• Ultrasound with Doppler: This type of ultrasound uses sound waves to create pictures of soft tissue inside your body. It also tracks the way blood flows through your body. This scan allows your provider to check for muscle tears, as well as internal bleeding and blood clots.

  • MRI: An MRI shows detailed images of the soft tissues in your body. This test can help your provider see the difference between muscle injuries and problems with your tendons and ligaments.

Non-surgical treatments

Treatment for a pulled calf muscle aims to prevent further injury, aid healing and ensure full recovery to prevent long-term problems. 

Pulled calf muscle treatment usually includes:

  • Rest: It is really important to rest for a few days after a pulled calf muscle to prevent further injury. You should avoid anything that overloads or stretches the injured calf muscle and may benefit from using crutches for a few days 

  • Ice Treatment: Regularly applying ice to a pulled calf muscle helps to reduce pain and swelling and can help speed up healing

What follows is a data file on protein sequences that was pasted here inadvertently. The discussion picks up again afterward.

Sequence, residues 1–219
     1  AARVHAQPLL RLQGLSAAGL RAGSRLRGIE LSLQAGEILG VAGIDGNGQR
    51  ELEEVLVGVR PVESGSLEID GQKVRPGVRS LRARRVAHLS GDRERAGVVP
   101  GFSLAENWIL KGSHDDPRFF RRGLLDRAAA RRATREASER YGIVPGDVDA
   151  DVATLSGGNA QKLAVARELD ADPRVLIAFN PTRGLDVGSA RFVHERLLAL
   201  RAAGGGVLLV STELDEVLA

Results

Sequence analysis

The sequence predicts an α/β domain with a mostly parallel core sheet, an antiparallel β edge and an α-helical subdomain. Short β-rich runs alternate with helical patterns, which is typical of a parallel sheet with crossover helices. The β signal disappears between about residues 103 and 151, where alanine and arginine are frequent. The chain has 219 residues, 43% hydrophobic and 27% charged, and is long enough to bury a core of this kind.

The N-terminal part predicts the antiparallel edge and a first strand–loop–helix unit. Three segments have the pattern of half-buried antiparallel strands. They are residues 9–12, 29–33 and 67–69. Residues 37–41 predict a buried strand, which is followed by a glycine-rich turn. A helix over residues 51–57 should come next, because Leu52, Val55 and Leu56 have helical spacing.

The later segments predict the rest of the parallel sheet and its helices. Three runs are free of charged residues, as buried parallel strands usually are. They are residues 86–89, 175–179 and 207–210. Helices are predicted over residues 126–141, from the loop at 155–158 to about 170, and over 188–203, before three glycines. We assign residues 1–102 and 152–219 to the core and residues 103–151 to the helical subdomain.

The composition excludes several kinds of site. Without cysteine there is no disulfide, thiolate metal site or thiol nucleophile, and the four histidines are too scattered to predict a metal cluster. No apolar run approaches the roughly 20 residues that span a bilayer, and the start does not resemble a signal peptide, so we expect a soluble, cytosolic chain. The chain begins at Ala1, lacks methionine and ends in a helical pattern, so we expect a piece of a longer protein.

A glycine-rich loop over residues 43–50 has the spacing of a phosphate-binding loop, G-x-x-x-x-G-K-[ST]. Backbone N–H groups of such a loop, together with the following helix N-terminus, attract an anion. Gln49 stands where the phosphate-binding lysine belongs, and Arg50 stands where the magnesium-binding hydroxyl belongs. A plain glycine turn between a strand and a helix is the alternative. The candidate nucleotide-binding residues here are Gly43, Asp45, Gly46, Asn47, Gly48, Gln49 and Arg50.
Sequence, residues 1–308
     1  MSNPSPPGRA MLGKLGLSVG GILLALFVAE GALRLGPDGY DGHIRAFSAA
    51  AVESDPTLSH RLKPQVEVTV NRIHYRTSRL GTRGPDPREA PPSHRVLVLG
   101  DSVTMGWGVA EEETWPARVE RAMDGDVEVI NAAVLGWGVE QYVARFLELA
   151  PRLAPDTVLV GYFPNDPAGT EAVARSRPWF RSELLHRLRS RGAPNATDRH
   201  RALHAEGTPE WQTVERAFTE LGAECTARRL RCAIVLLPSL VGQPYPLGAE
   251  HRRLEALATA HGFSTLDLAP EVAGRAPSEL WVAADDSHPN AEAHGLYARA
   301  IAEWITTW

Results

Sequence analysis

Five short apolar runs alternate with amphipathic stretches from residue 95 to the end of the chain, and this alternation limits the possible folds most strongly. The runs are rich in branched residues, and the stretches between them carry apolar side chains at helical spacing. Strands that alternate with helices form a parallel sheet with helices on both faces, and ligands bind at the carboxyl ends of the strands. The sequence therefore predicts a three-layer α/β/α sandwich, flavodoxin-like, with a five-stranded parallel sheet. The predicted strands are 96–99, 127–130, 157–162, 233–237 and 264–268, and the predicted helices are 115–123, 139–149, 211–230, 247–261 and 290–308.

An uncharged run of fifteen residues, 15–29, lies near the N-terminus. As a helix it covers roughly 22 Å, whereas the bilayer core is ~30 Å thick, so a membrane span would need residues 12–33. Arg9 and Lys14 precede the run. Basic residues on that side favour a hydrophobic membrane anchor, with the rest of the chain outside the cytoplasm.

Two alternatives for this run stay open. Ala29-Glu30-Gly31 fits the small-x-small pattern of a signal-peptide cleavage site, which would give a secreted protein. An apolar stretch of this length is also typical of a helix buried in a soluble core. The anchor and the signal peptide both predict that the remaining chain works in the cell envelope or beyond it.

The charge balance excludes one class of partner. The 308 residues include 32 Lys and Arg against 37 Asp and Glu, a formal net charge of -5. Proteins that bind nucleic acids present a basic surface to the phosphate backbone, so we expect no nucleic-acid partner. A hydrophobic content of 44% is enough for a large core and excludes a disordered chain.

• Compression: Wearing a compression support or tubigrip also help reduce swelling in the calf muscle and provides some support to help protect from further injury 

  • Elevation: Keeping the leg elevated when resting helps to stop excess fluid and blood pooling in the calf muscle which helps to reduce swelling 

  • Medication: Over-the-counter pain medication can help to reduce pain levels. Anti-inflammatories should be avoided for the first few days as they can actually slow down healing 

  • Heel Pads: Using heel lifts in your shoes helps to reduce the tension through the injured calf muscle, aiding healing and reducing the risk of further tearing

 

  • Calf Exercises: Strengthening and stretching exercises are a vital part of pulled calf muscle treatment but is really important to follow a rehab program so you know what is safe to do when 

  • Physical Therapy: A physical therapist may carry out a range of treatments including cross friction massage and ultrasound, both of which help reduce pain and inflammation and help the torn calf muscle to heal properly without a build up in scar tissue and regain full strength and flexibility

Surgery